Sunday, June 8, 2014

Window on Eurasia: Russia No Longer Needs a Prime Minister, Commentator Says

Paul Goble

            Staunton, June 8 – Russia “at the present stage” should dispense with the office of prime minister since the president in fact makes all the key decisions, according to a Moscow commentator. Such a step would not only reduce costs by eliminating duplication in the bureaucracy but also end what has become “unique” kind of “dual power.”

            In a commentary on the portal, Fakhraddin Aboszoda, a Talysh leader living in Russian exile who writes frequently about Russian and Eurasian issues, says that it is so obvious that Vladimir Putin makes the decisions and that the current government is so problematic that “liquidating” the post of prime minister is an obvious solution (

            Many Russian commentators and politicians have talked for some time about what they see as the need to remove Dmitry Medvedev as prime minister because of the shortcomings of his government – usually listed as too many meetings, too few decisions, too obvious differences with Putin, and too weak implementation of decisions that have been taken.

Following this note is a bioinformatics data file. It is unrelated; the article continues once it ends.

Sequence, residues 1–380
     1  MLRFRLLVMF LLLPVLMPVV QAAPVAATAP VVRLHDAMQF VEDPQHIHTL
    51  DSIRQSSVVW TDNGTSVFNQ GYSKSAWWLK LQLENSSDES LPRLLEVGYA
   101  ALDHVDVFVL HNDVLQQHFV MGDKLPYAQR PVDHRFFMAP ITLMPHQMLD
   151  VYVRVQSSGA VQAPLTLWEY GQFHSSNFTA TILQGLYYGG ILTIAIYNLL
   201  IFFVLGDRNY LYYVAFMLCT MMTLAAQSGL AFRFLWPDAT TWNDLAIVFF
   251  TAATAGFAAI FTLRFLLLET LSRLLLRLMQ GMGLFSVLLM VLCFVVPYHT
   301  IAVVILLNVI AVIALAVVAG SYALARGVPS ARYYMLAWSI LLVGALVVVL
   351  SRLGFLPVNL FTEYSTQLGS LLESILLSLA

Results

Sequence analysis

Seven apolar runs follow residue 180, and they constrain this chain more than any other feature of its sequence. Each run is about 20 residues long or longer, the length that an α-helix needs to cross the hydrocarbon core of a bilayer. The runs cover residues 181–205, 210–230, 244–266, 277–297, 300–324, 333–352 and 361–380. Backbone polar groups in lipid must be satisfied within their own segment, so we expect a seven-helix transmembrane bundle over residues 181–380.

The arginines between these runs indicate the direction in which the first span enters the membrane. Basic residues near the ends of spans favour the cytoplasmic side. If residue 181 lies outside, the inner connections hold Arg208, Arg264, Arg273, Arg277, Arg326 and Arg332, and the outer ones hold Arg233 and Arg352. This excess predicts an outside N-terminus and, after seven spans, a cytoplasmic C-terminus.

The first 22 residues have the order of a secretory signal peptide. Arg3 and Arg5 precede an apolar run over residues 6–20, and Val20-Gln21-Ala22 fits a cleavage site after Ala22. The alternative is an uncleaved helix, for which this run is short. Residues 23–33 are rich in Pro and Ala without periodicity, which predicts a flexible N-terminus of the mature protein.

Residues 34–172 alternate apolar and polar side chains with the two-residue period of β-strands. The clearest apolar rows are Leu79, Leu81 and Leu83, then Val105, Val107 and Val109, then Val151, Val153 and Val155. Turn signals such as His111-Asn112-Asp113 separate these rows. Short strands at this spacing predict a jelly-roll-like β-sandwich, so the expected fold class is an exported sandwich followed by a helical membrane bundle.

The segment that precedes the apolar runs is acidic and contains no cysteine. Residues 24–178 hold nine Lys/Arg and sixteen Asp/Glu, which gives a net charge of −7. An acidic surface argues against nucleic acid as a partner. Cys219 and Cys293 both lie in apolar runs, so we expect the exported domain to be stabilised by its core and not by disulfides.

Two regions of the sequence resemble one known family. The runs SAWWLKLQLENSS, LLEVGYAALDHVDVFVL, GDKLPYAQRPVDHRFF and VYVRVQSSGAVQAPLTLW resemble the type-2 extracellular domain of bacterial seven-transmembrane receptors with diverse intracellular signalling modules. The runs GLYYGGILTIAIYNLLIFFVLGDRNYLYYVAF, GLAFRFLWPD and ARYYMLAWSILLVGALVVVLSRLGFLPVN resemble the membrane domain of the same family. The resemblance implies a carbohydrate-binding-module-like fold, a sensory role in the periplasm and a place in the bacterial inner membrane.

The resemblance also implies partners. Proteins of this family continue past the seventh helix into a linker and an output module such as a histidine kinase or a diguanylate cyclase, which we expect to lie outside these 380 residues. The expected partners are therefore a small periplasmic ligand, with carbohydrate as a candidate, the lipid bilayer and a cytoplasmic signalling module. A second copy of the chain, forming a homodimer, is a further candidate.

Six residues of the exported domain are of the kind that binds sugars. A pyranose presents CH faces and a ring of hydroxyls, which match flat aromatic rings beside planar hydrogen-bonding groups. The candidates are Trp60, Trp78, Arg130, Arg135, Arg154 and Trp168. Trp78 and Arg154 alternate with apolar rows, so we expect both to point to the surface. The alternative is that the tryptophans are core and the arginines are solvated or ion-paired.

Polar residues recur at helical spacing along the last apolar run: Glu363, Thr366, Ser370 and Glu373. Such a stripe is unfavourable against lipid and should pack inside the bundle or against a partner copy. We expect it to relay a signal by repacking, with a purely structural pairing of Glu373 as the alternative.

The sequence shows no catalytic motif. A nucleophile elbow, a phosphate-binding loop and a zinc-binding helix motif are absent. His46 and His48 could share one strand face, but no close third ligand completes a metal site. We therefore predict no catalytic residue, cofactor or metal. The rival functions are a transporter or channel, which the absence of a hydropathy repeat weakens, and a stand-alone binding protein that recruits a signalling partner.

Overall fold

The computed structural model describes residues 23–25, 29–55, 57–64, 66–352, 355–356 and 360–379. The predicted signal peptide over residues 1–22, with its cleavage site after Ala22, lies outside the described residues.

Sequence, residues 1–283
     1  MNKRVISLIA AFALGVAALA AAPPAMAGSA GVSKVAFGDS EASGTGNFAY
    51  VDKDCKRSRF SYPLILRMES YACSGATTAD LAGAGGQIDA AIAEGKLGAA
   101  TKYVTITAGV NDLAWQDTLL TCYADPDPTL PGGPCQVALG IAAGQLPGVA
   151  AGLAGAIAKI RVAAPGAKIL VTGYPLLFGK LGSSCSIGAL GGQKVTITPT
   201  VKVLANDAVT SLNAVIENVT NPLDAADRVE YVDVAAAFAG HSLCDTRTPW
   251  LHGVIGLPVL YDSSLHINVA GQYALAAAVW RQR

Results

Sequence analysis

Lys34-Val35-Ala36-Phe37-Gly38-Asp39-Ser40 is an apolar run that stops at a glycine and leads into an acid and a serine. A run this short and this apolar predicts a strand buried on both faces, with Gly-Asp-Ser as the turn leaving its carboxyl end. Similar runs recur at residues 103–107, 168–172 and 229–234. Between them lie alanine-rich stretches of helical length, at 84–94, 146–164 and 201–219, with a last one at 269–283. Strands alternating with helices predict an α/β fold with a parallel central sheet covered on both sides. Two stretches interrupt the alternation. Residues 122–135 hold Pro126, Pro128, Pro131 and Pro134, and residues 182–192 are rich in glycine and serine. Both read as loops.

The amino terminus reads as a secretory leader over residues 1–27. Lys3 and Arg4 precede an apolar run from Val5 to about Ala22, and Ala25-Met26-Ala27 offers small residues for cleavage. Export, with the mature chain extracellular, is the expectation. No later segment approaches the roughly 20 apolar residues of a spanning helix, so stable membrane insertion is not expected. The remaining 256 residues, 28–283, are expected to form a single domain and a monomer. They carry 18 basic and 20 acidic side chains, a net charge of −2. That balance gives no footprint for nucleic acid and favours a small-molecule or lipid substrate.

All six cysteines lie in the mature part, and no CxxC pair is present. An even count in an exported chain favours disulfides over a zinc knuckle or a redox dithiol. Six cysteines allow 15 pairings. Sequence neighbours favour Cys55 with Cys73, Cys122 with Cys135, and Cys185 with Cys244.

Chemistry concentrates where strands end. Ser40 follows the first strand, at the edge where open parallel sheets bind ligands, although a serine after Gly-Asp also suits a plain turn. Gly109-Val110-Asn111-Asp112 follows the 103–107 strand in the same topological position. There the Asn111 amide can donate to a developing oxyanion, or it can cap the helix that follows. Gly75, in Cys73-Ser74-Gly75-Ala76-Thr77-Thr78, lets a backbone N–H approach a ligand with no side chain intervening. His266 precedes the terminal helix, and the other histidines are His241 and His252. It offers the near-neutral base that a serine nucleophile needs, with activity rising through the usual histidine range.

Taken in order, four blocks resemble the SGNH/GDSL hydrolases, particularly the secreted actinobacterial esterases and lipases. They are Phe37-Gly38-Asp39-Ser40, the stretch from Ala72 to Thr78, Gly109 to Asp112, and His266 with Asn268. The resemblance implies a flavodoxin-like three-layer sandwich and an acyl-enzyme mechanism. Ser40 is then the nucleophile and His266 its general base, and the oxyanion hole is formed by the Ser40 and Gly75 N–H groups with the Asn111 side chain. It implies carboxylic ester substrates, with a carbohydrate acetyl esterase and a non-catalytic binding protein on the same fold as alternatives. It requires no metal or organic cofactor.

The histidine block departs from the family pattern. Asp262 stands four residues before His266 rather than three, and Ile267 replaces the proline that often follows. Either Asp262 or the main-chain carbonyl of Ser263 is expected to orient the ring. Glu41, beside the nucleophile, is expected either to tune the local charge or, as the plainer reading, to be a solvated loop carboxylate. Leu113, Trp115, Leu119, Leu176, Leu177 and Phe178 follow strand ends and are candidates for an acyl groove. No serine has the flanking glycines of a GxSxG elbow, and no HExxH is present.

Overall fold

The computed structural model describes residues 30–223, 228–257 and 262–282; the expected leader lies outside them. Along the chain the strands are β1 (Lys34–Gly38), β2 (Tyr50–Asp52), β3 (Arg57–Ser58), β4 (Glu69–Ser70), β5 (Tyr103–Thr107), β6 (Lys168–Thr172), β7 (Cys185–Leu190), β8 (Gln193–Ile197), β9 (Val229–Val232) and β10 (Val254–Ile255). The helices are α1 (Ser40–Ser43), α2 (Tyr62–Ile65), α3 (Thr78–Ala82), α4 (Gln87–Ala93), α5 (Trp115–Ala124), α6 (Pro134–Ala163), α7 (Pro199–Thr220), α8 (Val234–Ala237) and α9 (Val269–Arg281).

But few have taken the next step and suggested that the solution to the current problem lies not with the individual but with the office and that given the increasingly presidential nature of the Russian regime, there is no real need and some harm in retaining the position of prime minister.

            Given discussions about the possibility of revising or even replacing the 1993 Constitution with a “Putin” one, Aboszoda’s comment may be a trial balloon for those who would like to see a fundamental change in the nature of the regime, one that would further reduce the importance of the parliament and further increase that of the Kremlin.

            But it is also possible that Abbasov, 57, has another agenda.  He may be interested in attracting favorable attention from the Kremlin to his cause, that of the Talysh minority in Azerbaijan.  He was president of the Milli Mejlis of the self-proclaimed and short-lived Talysh-Mugdan Autonomous Republic in 1993.

            Intriguingly in either case is the way that the Talysh commentator ends his article: “It would be possible,” he says, “to produce additional arguments in support of this position. But it would be better if other experts were to express themselves on this theme.” It will be interesting to see if others do in fact follow his lead.

No comments:

Post a Comment